could there be an "icmp redirect" being sent from R1 to R5 after a few multicast packets are sent, and that "icmp redirect" is only ignored by R5 if using extended ping command?

    if anyone knows more on this - please comment - this seems interesting to me and I wish to understand this further...

    Shai


    I am not usre if you are looking for this - http://ieoc.com/forums/p/1470/4887.aspx#4887

    This is from RS Archive, not SP, but general rules would be the same

    <QUOTE>

    Hi folks,

    I believe the reason why the multicast ping traffic ends up failing is due to the way a Cisco router behaves when sending ping traffic to a multicast address when not using the extended ping method to send the ping traffic. In unicast it’s pretty simple, you have an outbound interface leading to your destination address, and the ip address of this outbound interface is used for the source of the ping traffic. When you send ping traffic to a multicast address and do not use the extended ping method, the router seems to get confused and free-willed on two things, 1) what to use as the source address, 2) which interface to send these multicast ping packets out.

    To see this behavior, we can use the following test:

    Rack1R5#ping 224.4.4.4 source 192.10.1.5 repeat 100

    While this seems like the correct approach for verification, we will find out that the router seems to be sloppy and have a mind of its own on what to use as the source ip address of this traffic, as well as which interface to send the traffic out of. Even though we specifically are telling the router to use 192.10.1.5 as the source of the ping traffic it does not do so the entire time. I think it may use that address for the first two or three packets (which is why the first two or three pings succeed) but I did a lot of testing and there doesn’t seem to be a rhyme or reason on what address it ends up using. The outbound interface is the other factor, this is actually what causes the ping traffic to fail in the above test (bad RPF check on R4). We assume the ping traffic will be sent out the S0/0 interface since that’s the interface leading to the RP, as well as the only interface on R5 configured for pim. However when testing, it is discovered that R5 will send the majority of this traffic out the E0/0 interface only for R4 to receive it on its E0/1 interface which fails the RPF check.

    To verify all of this I had configured extended ACLs on R4’s E0/1 and S0/0 interfaces along with R1’s S0/0 interface with permit statements for traffic destined to host 224.4.4.4 (also a permit ip any any after that to maintain all other traffic). This allowed me to determine exactly which direction R5 sends the ping traffic. In addition I performed “debug ip mpacket detail” on R1 to see the details of the ping traffic from R5. If you do this, don’t forget to disable fast switching for multicast packets by configuring “no ip mroute-cache” on R1’s S0/0 interface or else you will not see any of the multicast ping traffic from R5. I discovered that when performing the non-extended ping with or without specifying a source address on R5, it would randomly send the ping packets in both directions and seem to use various addresses as the source of it’s traffic.

    So performing the above ping test on R5, I think the logic of what happened is that R5 would send the first couple of ping packets out S0/0, R1 would correctly send them onto R4 and because these arrived on R4’s correct RPF check interface (S0/0) it would reply to them. It didn’t even matter if R5 used its E0/1.52 or S0/0 interface as the source address for these first couple ping packets because the RPF check on R4 for both networks will pass if received on its S0/0 interface. Then for some reason R5 would then send what seemed to be the remaining packets out its E0/0 interface with some random source address. R4 would receive these packets on it’s E0/1 interface and the RPF check would fail because pim is not configured on this interface.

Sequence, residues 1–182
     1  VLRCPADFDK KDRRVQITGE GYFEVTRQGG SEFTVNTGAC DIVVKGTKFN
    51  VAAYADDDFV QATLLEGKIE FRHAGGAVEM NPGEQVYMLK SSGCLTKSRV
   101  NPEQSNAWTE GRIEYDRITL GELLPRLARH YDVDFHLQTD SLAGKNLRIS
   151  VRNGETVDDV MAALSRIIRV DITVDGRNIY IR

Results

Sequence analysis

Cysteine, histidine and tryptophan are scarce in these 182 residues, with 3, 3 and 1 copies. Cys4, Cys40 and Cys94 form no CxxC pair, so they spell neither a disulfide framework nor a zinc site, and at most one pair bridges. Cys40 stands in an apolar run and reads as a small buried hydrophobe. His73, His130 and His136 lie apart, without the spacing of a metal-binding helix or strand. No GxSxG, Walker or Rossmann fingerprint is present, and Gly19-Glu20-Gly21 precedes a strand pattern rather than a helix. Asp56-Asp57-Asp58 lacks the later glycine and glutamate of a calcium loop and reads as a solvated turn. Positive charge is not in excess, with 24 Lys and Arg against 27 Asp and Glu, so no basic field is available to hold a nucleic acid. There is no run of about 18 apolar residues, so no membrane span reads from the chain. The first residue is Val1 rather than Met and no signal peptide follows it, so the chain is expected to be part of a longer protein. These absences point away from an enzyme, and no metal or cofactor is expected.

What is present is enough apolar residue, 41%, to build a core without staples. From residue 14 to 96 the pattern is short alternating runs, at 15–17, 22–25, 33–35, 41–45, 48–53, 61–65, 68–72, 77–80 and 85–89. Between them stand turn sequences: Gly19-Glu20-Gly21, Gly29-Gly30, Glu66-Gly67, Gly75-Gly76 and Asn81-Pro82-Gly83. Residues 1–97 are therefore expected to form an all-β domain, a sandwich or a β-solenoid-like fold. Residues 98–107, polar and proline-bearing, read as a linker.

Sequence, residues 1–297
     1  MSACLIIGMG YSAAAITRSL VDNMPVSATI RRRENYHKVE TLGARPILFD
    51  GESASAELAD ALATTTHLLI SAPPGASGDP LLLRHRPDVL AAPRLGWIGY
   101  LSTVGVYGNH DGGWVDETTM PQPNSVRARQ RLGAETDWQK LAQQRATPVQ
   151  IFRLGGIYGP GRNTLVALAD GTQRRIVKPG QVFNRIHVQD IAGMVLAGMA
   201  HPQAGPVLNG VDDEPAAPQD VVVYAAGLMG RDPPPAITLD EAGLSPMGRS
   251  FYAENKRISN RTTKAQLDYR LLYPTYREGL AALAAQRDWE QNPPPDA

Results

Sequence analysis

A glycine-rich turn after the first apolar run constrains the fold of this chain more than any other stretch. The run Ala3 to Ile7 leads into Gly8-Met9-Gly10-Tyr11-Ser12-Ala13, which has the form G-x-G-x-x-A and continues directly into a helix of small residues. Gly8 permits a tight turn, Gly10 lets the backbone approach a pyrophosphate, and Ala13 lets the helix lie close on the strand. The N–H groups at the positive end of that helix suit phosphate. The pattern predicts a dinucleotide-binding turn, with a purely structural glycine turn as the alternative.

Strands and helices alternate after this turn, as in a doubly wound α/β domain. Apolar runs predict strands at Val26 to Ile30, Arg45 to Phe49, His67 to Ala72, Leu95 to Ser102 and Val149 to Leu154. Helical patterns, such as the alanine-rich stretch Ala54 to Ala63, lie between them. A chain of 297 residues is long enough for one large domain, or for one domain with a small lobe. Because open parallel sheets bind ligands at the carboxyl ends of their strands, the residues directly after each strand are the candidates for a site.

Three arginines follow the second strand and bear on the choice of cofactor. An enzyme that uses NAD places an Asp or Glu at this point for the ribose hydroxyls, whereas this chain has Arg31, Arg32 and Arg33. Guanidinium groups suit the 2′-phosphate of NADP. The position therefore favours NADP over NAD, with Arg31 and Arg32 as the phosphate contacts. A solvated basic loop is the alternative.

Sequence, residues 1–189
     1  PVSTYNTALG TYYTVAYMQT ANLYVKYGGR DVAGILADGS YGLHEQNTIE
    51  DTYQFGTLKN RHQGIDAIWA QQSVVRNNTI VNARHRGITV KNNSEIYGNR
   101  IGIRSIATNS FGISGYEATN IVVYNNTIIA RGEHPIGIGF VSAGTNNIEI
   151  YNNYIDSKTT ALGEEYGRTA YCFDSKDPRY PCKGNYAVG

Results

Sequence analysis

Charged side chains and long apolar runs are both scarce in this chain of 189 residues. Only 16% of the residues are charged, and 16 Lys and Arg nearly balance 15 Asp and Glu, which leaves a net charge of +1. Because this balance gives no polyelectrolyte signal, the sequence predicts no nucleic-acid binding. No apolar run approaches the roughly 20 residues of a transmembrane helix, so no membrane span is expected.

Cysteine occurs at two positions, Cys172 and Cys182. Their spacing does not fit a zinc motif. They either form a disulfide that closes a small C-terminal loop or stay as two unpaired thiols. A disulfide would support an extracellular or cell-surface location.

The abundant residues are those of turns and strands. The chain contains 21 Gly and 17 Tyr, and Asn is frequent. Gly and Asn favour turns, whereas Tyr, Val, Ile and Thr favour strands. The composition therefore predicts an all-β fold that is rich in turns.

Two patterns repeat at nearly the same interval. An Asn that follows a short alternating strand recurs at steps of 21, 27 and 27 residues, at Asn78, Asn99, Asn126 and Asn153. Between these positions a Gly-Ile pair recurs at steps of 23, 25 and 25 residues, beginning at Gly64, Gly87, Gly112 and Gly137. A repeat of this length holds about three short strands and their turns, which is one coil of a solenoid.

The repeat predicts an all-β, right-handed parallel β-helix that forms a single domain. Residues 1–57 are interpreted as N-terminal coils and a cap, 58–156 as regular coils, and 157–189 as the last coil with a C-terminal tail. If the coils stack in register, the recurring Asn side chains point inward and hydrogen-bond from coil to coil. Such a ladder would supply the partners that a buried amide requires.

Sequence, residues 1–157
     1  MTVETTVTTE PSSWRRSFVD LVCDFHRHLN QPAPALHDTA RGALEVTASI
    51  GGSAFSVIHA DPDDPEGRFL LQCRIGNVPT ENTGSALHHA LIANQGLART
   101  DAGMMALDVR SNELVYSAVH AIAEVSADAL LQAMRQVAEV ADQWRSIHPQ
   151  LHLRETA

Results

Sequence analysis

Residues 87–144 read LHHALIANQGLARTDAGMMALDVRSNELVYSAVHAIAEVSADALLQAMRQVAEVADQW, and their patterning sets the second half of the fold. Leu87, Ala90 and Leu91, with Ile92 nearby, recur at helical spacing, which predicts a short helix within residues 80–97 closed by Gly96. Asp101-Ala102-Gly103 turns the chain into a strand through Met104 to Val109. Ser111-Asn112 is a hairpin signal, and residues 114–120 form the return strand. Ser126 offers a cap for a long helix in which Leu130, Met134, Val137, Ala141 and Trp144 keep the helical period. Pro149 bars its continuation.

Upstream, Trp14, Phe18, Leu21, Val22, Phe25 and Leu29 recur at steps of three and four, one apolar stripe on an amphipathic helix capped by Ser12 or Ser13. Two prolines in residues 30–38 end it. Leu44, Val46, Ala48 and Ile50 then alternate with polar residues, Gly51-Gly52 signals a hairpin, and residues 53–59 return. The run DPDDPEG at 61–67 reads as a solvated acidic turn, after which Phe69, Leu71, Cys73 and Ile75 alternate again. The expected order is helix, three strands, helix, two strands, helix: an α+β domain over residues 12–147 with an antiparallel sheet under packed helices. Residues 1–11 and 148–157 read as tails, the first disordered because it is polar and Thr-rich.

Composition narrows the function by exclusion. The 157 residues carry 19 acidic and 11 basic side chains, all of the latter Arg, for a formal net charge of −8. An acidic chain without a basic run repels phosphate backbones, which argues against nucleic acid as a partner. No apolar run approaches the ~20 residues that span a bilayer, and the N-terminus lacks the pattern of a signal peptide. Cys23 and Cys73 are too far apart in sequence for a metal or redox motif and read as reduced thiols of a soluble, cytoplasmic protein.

When I perform the extended ping test on R5 to the 224.4.4.4 multicast group address, the correct source address is chosen and packets are sent out the correct interface:

    Rack1R5#ping
    Protocol Paradise:
    Target IP address: 224.4.4.4
    Repeat count [1]: 10
    Datagram size [100]:
    Timeout in seconds [2]: 1
    Extended commands : y
    Interface [All]: serial1/0
    Time to live [255]:
    Source address: ethernet0/1.52
    Type of service [0]:
    Set DF bit in IP header? [no]:
    Validate reply data? [no]:
    Data pattern [0xABCD]:
    Loose, Strict, Record, Timestamp, Verbose[none]:
    Sweep range of sizes :
    Type escape sequence to abort.
    Sending 10, 100-byte ICMP Echos to 224.4.4.4, timeout is 1 seconds:
    Packet sent with a source address of 192.10.1.5

    Reply to request 0 from 174.1.145.4, 132 ms
    Reply to request 1 from 174.1.145.4, 236 ms
    Reply to request 2 from 174.1.145.4, 172 ms
    Reply to request 3 from 174.1.145.4, 208 ms
    Reply to request 4 from 174.1.145.4, 484 ms
    Reply to request 5 from 174.1.145.4, 92 ms
    Reply to request 6 from 174.1.145.4, 216 ms
    Reply to request 7 from 174.1.145.4, 160 ms
    Reply to request 8 from 174.1.145.4, 112 ms
    Reply to request 9 from 174.1.145.4, 144 ms
    Rack1R5#

    Notice that the default option for the outbound interface is (Interface [All]) but I specify serial1/0 (I’m using Dynamips, that’s why the serial interface is different). Because of that All, I bet the router just willy nilly sends out the multicast ping traffic out every interface. If I did more testing I bet I would see it being send out E0/1.53 and E0/1.52 as well.

    I believe this is why the solution guide shows an extended ping being performed on R5, because this is multicast traffic and the router would not operate the way we want if we didn’t use the extended ping test.

    I believe this has been the way Cisco routers operate with ping traffic to multicast addresses for a while now. I’ve can recall seeing this behavior as far back as 12.2(15t) and my current setup is Dynamips running 12.4(17). So I guess Cisco doesn’t see this as undesirable behavior, maybe they want the multicast traffic to be sent everywhere if not using an extended ping.

    Another thing to comment on is that throughout my studies with multicast I have usually seen the “ip pim nbma-mode” feature only being used with sparse-mode and not with sparse-dense-mode. However, because we use it here and everything seems to work after we work out the bugs I’m going to assume that nbma-mode can be used with either sparse-mode or sparse-dense-mode.

    Ben, 

    </QUOTE>

    Cheers,

    Seba